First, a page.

Department de Ville de Paris (France) (search for this): chapter 6
sent to America the greatest force which any European power ever ventured to transport into that continent, it was not strong enough to attack its enemy, nor to prevent them from receiving assistance. The war measures of the administration were, therefore, so repugnant to sound policy that they ceased to be right. Edward Gibbon to J. Holroyd, 13 Aug., 1777. After that surrender, In 1847 the Archbishop of York, whose memory went back to those days, and who was with Thomas Grenville in Paris in 1782, told me, that after the affair of Bunker Hill very many persons, after the surrender of Burgoyne almost every one, gave up the expectation that England would be able to enforce the dependence of the colonies. he agreed that, Chap. V.} 1778. since the substance of power was lost, the name of independence might be granted to the Americans. General Howe coupled his retirement from active service with the avowal that the disposable resources of his country could produce no decisive re
Massachusetts (Massachusetts, United States) (search for this): chapter 6
out amendment; and on the fifth of May, 1779, the delegates of Delaware did the same. Maryland, which was on all sides precisely limited by its charter,—while Massachusetts, Connecticut, New York, Virginia, and at least one of the Carolinas, might claim by royal grant an almost boundless extension to the north and west,—alone arre Washington proposed to employ the temporary superiority at sea in the capture of Rhode Island and its garrison of six thousand men. He had in advance summoned Massachusetts, Connecticut, and Rhode Island to send quotas of their militia for the expedition. The council of war of Rhode Island, exceeding his requirement, called out oe for twenty days from the first of August, and ordered the remainder to be ready at a minute's warning. Out of his own feeble army he spared one brigade from Massachusetts and one from Rhode Island, of one thousand each, and they were followed by a further detachment. Directing Sullivan, who was placed over the district of Rhode
Cherry Valley, Tenn. (Tennessee, United States) (search for this): chapter 6
mercilessly against men that sued for quarter. A band led by Captain Patrick Ferguson in October, Oct. after destroying the shipping in Little Egg harbor, spread through the neighboring country to burn the houses and waste the lands of the patriots. On the night of the fifteenth they surprised light infantry under Pulaski's command; and, cumbering themselves with no prisoners, killed all they could. In November a large party of Indians with bands of Nov. tories and regulars entered Cherry valley by an unguarded pass, and, finding the fort too strong to be taken, murdered and scalped more than thirty of the Chap. V.} 1778. Nov. inhabitants, most of them women and children. The story of these massacres was repeated from village to village, and strengthened the purpose of resistance. With the year 1778, South Carolina, which for two years had been unvisited by an enemy, after long deliberation established a permanent form of government. Immediately after the general declarat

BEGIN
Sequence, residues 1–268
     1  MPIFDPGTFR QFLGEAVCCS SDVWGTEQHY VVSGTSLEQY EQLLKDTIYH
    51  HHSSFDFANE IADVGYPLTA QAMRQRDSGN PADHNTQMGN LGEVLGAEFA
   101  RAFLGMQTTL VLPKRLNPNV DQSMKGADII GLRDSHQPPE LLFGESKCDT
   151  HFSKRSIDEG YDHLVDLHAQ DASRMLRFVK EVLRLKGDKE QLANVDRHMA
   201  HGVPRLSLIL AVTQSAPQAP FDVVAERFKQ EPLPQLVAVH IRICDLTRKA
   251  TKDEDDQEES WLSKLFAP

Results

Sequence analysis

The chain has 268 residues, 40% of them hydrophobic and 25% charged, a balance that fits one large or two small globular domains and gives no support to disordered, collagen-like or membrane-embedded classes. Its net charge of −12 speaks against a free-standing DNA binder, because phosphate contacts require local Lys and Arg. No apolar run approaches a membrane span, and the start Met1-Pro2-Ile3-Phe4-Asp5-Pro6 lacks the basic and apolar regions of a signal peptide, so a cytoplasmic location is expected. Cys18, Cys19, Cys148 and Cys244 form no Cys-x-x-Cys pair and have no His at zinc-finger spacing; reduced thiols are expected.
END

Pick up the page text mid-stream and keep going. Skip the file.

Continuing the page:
Hudson (New Jersey, United States) (search for this): chapter 6
before it comes to rest. On the second of July, the president and several members of congress met once more in Philadelphia. On the ninth, the articles of confederation, engrossed 9. on parchment, were signed by eight states. On the tenth, congress issued a circular to the other five, 10. urging them to conclude the glorious compact which was to unite the strength, wealth, and councils of the whole. North Carolina acceded on the twenty-first; Georgia, on the twenty-fourth. New 21. Jersey demanded for the United States the regula- 24. tion of trade and the ownership of the ungranted north-western domain: but, after unassisted efforts for a more efficient union, the state, on the twentyfifth of the following November, accepted the confederacy without amendment; and on the fifth of May, 1779, the delegates of Delaware did the same. Maryland, which was on all sides precisely limited by its charter,—while Massachusetts, Connecticut, New York, Virginia, and at least one of the C
White Plains (New York, United States) (search for this): chapter 6
overnment or its army to reduce the United States served only to promote its independence. In 1775 Chap. V.} 1778. Sept. they sought to annihilate the rebellion by attacking it at its source; and before many months they were driven out of Boston. In 1776 the acquisition of New York was to prelude the one last campaign for crushing all resistance; in 1777 Philadelphia was taken, but only to be evacuated in 1778. To a friend in Virginia Washington wrote in August, as he came again upon White Plains: After two years manoeuvring and the strangest vicissitudes, both armies are brought back to the very point they set out from, and the offending party at the beginning is now reduced to the use of the spade and pickaxe for defence. The hand of Providence has been so conspicuous in all this, that he must be worse than an infidel that lacks faith, and more than wicked that has not gratitude enough to acknowledge his obligations. The veil of ordinary events, thus the Governor of Connecticu